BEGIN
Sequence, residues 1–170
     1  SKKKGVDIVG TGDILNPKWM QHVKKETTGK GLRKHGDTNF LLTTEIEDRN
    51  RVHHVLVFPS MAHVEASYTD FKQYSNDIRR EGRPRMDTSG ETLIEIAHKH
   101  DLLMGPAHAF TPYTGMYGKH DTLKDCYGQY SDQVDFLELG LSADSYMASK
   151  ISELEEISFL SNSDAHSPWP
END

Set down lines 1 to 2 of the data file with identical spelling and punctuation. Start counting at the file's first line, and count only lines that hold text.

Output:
Sequence, residues 1–170
     1  SKKKGVDIVG TGDILNPKWM QHVKKETTGK GLRKHGDTNF LLTTEIEDRN